A few years ago, Simon invented a game to model coalitions in the European Parliament (also described here and here). I decided to try it in my comparative politics as a lesson in how legislatures function. After some confusion as students figured out what to do, they clustered into two coalitions; the outcome loosely resembled a two-party/median voter system. But I had forgotten to remove the high-value cards from the deck before starting the game. The class has only fourteen students, and the distribution of card values was so great that it was difficult for students to accumulate influence points.

I decided to run the game again in the next class, after removing face cards from the deck. Influence points were calculated the same as before. But I added a twist. Each student received additional instructions that varied according to the value of his or her card: Continue reading

Teaching Trump 3

Today we have a third installment in a spontaneous series on teaching political science in the time of Trump, written by William R. Wilkerson, Professor of American Government and Politics at SUNY-Oneonta. Previous posts in this series are here and here.

I too have struggled. My focus so far has been to spend more class time on two things: 1) the founding and how it informs what is happening in American politics today, and 2) on what political science, and social science generally, can tell my students about the rise of President Trump. I agree that neutrality is important. I need to be able to potentially reach all my students, regardless of their position on issues or their party affiliation. Three syllabi that helped guide my teaching this semester:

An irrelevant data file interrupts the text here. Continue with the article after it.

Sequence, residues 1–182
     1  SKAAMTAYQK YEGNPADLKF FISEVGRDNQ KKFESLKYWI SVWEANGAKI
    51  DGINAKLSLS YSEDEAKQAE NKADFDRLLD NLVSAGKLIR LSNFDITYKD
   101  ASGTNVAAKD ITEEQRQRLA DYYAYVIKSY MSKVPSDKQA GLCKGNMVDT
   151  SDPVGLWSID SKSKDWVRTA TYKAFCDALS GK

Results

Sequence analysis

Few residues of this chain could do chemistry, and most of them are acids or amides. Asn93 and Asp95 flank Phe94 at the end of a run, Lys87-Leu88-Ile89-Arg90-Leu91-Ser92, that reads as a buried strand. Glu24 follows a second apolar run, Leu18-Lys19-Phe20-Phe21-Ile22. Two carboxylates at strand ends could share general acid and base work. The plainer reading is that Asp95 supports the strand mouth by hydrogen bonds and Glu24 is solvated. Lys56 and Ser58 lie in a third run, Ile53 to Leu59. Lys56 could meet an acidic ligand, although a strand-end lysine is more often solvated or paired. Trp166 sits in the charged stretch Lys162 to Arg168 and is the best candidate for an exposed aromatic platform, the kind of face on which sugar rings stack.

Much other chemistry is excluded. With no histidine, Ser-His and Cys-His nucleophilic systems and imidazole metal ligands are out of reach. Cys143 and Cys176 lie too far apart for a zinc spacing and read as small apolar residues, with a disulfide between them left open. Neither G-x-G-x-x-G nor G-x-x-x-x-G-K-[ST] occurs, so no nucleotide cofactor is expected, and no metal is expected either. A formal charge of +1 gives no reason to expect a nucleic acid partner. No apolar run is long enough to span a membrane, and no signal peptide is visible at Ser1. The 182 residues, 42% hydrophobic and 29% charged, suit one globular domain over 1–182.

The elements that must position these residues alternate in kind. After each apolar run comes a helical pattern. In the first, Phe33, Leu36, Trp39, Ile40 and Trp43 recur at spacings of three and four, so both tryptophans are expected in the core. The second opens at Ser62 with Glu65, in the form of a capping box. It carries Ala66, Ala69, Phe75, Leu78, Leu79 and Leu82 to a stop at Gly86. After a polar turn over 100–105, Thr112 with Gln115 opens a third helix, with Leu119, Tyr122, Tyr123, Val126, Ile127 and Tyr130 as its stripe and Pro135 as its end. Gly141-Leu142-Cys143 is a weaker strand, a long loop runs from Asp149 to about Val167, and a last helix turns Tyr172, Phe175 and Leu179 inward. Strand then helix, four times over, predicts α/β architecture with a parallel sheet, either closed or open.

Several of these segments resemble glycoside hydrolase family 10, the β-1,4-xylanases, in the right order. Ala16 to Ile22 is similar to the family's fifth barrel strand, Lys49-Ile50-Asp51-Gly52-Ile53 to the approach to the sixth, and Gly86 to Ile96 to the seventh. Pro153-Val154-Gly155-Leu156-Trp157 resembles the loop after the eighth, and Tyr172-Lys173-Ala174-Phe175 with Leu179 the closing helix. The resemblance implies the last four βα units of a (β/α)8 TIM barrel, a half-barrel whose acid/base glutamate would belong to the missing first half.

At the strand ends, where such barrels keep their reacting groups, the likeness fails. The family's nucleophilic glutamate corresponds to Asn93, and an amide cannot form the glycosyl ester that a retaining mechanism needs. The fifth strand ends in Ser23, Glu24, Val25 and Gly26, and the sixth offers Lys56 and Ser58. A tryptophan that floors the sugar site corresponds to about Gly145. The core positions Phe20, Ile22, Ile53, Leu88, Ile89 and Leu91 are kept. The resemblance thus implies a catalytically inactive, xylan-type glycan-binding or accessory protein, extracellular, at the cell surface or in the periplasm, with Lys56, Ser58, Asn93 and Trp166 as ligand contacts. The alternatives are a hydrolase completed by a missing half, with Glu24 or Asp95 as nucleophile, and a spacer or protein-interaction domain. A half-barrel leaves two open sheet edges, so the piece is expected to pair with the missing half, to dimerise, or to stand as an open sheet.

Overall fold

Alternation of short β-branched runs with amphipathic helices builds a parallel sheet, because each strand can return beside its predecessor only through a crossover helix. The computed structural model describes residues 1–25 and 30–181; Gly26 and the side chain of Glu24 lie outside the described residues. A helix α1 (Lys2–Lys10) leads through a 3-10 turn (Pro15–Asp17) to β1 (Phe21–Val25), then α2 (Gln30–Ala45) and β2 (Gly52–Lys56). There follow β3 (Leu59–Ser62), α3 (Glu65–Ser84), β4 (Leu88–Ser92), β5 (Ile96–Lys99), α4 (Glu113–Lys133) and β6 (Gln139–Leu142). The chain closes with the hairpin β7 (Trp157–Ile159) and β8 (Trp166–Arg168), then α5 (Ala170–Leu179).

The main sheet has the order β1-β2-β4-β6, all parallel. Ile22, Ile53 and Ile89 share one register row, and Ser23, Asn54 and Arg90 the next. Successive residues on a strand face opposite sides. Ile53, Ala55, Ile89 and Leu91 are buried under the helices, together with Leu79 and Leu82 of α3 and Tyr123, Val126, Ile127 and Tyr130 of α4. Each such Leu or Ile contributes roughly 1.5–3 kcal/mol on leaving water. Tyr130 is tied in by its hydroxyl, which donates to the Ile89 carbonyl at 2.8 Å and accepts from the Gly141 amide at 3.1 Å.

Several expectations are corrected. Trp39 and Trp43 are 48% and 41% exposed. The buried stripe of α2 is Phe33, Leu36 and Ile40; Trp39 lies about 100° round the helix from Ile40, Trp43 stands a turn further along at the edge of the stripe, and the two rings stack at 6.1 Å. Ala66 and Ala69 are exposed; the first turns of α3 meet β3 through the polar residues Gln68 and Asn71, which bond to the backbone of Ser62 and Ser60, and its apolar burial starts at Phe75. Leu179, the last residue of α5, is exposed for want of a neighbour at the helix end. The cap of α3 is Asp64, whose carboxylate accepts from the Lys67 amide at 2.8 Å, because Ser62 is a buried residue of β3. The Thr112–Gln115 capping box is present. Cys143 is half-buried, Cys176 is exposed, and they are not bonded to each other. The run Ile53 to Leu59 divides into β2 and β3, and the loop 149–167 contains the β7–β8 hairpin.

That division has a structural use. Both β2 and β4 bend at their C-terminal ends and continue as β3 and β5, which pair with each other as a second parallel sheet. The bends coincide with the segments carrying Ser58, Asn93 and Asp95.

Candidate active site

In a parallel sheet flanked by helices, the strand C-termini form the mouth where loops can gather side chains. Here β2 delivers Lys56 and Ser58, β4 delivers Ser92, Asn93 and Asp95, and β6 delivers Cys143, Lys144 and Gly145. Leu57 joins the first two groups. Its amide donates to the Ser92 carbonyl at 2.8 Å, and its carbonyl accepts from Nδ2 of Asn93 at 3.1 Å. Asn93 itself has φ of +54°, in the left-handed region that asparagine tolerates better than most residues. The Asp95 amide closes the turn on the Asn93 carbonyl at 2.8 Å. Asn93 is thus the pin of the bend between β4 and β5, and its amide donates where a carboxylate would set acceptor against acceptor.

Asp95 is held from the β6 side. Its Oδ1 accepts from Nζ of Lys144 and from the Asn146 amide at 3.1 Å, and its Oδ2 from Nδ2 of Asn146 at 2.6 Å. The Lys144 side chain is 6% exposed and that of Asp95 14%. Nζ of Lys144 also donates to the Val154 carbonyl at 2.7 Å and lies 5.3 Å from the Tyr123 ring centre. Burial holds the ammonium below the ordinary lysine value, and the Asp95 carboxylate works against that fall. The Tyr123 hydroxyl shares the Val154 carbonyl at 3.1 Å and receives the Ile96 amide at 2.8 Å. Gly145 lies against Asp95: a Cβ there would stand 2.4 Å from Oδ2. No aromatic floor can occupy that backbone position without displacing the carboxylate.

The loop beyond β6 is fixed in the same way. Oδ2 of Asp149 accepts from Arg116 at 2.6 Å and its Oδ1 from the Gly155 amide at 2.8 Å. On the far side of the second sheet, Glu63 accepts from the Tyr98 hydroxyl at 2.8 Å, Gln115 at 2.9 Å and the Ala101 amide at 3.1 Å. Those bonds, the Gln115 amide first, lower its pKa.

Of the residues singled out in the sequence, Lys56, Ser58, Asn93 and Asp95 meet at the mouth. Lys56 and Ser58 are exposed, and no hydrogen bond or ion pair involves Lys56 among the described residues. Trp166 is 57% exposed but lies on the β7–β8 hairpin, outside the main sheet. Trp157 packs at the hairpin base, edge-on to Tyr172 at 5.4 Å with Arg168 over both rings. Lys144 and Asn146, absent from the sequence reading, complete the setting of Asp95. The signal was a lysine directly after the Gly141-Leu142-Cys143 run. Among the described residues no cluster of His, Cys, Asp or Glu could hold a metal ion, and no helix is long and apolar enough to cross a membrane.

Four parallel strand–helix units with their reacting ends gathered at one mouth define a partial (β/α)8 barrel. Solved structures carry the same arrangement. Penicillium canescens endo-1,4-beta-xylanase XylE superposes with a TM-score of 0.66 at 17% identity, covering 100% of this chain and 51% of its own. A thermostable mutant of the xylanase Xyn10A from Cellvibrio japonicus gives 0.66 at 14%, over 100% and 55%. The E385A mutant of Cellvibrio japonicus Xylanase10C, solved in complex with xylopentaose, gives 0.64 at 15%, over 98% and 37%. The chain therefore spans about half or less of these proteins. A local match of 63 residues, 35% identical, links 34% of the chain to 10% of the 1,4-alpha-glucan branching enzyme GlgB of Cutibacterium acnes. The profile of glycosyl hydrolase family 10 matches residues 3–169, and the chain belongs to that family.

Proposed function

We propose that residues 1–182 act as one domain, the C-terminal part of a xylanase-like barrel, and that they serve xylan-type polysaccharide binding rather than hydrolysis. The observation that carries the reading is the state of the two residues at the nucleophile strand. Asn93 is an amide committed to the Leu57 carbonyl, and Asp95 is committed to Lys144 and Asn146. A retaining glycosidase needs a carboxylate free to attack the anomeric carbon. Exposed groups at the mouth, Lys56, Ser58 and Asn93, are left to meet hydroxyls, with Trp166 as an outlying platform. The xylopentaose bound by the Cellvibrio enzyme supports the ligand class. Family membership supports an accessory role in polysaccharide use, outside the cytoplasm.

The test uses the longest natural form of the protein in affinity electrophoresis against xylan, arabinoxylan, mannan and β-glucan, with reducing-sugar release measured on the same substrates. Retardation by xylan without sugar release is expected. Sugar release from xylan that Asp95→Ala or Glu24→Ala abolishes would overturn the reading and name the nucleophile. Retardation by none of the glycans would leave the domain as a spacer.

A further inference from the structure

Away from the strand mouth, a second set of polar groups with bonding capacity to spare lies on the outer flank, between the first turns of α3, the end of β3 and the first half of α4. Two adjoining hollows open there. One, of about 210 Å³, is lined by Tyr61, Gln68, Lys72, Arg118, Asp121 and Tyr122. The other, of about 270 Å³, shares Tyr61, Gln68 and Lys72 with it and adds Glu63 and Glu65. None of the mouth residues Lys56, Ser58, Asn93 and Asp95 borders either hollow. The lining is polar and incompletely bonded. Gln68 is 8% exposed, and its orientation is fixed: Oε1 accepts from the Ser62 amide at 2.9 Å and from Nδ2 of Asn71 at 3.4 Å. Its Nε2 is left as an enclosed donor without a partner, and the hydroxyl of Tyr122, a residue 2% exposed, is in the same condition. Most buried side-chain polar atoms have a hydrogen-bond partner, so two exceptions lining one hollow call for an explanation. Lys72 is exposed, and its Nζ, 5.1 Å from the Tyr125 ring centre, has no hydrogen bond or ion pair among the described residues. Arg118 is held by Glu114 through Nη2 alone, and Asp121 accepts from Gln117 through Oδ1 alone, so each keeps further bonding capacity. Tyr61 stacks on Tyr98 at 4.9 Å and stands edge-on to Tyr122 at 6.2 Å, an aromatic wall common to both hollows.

I also found the following blog posts, mostly by political scientists, particularly useful in putting together readings for students on various topics: Continue reading

Teaching Trump #2

A follow-up to Amanda’s post about teaching in the time of Trump. Trump’s campaign and administration represent an opportunity to teach about racism in the construction of national identity. I stumbled into this subject accidentally in my globalization course last week, with an assignment that asked students to write a response to “Is France or the USA a more global society?” Students were supposed to reference the following items:

Yesterday I heard this radio report about residents of Newton, Massachusetts, one of the wealthiest and therefore whitest communities in the USA: Continue reading

Conceptual Understanding Through Experiments

Today we have a guest post from Jonathan Rauh, a doctoral student in political science at East Carolina University. 

atomic-experimentActive engagement of the student is a key facet of experiential learning. In-class debate is one classic means of generating engagement, but it can favor students who are more extroverted. In-class debate also tends to be relatively light on the application of concepts but heavy on critical reflection. As an alternative, I have used in-class experiments derived from economics to teach how policy preferences are realized (or not) as a result of different voting systems.